So this little revelation certainly helps mediate the question raised by the sudden random success of the playwright earlier in the book – but it doesn’t explain how this sudden success turned into a celebrity style career. Even the most famous contemporary playwrights still struggle to have their work produced and very few of them are treated the way the one in this book is. I can’t think of one. (Not a living one, anyway.)

I am starting to find this trope very transparent. Every time I encounter a playwright in a work in another genre, I feel like I understand how they ended up there and why the author chose that particular profession for their protagonist. Maybe I’m hoping that the next person who wants to write a playwright will consider what tropes they’re falling into and either learn a lot more about the theatre world or choose a different profession for their protagonist. I do not blame this author (Lauren Groff) at all. The transposition of one kind of writer to another is very logical but it raised a lot of questions for me.

Is this book the story of this author’s life? I would never assume so – but then, the way she writes the playwright’s life as such a direct reflection of his life makes me think it must be. I actually think playwrights are less inclined than other writers to write autobiographically but you’d never know it from the way they’re depicted in fiction.

It’s like, it must be so nice to be a fictional playwright in a novel or a film! You never have to struggle with producers over your rights. You never have to talk to a theatre’s administrators about where they’re going to get the incentive money to put up your play. You never have to fight with directors over the way the show is going. You never have to cry in the greenroom about how the actors fundamentally misunderstood those lines. You just go to fancy parties, have fun artistic friends and drink nothing but champagne after shows! It’s a dream! Who wouldn’t want to be a playwright?!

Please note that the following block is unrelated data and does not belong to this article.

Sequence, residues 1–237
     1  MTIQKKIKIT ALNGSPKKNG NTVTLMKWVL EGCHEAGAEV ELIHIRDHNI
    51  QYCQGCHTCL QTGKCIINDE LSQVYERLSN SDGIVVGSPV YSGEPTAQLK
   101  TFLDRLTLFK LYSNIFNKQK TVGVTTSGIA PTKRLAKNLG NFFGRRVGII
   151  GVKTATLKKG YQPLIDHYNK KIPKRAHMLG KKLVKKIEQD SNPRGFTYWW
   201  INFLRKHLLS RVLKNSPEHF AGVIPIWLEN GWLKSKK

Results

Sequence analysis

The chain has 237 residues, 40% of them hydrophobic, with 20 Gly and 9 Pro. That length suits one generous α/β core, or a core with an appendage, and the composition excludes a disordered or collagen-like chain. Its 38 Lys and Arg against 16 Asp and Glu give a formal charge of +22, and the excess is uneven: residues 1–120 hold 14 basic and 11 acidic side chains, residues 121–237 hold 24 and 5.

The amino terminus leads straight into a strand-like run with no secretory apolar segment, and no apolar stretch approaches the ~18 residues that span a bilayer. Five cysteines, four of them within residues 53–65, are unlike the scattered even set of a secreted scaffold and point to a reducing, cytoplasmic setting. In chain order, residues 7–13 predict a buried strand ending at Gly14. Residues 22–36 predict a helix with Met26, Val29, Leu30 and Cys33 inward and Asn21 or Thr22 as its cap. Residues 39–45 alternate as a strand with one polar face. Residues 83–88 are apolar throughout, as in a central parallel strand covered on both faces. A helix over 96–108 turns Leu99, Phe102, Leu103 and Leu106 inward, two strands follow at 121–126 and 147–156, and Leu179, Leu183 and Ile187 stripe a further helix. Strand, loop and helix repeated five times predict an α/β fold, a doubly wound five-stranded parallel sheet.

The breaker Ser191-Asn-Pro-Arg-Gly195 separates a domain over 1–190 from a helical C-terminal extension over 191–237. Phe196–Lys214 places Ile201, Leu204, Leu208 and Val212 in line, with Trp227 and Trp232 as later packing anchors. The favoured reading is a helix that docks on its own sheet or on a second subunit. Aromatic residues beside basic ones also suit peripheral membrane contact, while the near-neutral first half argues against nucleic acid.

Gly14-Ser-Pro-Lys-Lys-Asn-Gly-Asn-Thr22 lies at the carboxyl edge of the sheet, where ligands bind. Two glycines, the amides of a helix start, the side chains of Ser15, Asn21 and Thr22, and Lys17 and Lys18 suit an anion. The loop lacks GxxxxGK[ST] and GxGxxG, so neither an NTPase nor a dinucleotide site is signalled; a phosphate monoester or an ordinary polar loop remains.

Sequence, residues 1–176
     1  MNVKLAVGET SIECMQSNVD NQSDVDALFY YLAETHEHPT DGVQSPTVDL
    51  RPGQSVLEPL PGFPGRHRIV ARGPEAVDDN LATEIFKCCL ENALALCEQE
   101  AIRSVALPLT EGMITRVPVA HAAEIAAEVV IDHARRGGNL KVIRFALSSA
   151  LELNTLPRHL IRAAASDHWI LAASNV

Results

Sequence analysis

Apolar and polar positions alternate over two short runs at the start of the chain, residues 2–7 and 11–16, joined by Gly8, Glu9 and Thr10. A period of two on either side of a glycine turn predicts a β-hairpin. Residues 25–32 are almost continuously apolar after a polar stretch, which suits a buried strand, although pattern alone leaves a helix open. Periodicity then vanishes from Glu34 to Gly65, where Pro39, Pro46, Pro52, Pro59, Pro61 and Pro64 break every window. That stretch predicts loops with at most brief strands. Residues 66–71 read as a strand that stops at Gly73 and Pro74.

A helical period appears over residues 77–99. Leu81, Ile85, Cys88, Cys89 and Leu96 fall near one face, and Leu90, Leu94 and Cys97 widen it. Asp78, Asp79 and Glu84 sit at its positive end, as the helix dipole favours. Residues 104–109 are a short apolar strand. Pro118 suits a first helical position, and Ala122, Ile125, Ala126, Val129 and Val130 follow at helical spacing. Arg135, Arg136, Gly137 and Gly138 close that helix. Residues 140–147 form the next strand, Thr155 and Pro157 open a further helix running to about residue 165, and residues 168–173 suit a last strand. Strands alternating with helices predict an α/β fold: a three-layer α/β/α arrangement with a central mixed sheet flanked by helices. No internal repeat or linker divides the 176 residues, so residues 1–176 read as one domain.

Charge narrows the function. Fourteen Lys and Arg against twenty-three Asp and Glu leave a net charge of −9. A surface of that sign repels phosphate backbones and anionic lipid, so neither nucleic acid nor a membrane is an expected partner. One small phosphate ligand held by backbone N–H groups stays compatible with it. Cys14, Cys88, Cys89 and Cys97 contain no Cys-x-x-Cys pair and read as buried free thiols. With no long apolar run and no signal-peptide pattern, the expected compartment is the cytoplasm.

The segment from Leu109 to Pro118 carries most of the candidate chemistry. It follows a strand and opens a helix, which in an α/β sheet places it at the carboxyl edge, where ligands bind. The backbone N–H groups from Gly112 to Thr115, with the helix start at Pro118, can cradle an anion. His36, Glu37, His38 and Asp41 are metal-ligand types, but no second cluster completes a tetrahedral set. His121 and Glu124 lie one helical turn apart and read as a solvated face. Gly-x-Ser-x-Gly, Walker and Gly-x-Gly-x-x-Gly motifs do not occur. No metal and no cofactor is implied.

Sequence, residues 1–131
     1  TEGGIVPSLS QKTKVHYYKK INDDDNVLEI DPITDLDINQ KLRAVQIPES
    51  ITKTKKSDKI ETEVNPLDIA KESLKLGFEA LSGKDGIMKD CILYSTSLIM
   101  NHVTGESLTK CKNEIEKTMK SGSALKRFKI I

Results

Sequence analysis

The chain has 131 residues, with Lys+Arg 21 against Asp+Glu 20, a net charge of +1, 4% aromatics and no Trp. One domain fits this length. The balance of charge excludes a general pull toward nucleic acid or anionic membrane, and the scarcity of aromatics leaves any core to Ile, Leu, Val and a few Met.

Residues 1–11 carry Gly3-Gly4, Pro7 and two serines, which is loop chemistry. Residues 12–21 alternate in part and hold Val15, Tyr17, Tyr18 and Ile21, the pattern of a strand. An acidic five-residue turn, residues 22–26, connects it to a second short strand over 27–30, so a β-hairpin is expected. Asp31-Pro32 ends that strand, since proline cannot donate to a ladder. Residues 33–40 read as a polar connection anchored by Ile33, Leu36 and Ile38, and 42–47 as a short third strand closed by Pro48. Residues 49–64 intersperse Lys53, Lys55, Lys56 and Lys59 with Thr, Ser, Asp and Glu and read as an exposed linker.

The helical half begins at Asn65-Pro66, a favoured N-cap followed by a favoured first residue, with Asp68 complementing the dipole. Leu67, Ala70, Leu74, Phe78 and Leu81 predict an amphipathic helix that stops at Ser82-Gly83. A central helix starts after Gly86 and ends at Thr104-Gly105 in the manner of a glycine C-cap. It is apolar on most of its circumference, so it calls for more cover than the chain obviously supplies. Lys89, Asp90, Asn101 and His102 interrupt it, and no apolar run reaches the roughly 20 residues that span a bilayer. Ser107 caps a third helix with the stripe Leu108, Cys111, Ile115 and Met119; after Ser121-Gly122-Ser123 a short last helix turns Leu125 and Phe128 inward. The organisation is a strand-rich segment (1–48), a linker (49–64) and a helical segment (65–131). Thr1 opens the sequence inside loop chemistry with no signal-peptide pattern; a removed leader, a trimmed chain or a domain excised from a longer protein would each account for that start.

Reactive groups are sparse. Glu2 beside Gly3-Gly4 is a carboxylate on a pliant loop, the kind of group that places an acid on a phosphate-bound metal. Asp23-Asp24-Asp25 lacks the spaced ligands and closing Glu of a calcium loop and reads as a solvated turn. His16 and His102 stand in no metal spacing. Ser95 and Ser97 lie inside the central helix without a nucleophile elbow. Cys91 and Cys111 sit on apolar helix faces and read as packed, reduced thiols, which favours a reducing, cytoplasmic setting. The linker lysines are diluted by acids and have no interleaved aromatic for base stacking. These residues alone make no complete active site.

Every night in the life of a playwright!

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Should I Quit Acting Because of X?
May 23, 2021, 11:53 pm
Filed under: Acting, advice, art, business, movies, musicals, Quitting, theatre | Tags: , , , , , , , , ,

Since joining the acting subreddit, I’ve been seeing a lot of posts with a similar theme. They boil down to, “Will X prevent me from having an acting career?” or maybe more accurately, “I’m X or have X or did X. Should I quit acting?” In this equation, let X be a quality or physical attribute or life history.

I have such complicated feelings about these posts, mostly from young actors looking ahead at a possible professional life in acting. Because on one hand, yes. You should absolutely quit acting and do something else if that’s an option for you. Absolutely you should, if you’re looking for conventional success, run in the opposite direction of an actor’s life. No question.

But on the other hand, the reason to quit is not whatever you’re imagining. You shouldn’t quit because of your science degree or your scars or your background. It won’t be THOSE things that are obstacles to having an acting career. The obstacles to an acting career are everything. Everything is the problem. The problem is not whatever flaw you perceive yourself as having (or whatever some asshole teacher might have said to you). The problem is that it is a very hard business that almost everyone struggles in, in one way or another. The obstacles to an acting career are being born to non-celebrities or not having access to a generous trust fund. The obstacles are a lopsided system that values money and connections more than talent. The obstacles are a commercially driven capitalistic theatre scene that is not accountable to the public in any way but the question of whether or not they will buy tickets.

One thing I did not understand as a young actor is what an ongoing hustle working in the theatre would be. I imagined that I would get one acting gig and it would lead to another and that would lead to the next and so on until I ended up on Broadway. And once I was on Broadway, that would be it! I would have made it and I would be on Broadway until I died.

I think the moment I fully understood this wasn’t so was when my friend (and acting colleague) closed her show on Broadway, the one featuring several movie stars, and the next day went back to her catering gig. It’s possible there were a few actors in that show who went straight to another acting gig. There may have even been one or two that were slated for another show on Broadway. But for most of them, they closed the show and then went home to hustle up the next job. Possibly even the movie stars had to do this. (Though they surely had a lot more help from their agents and their next job wasn’t food service.)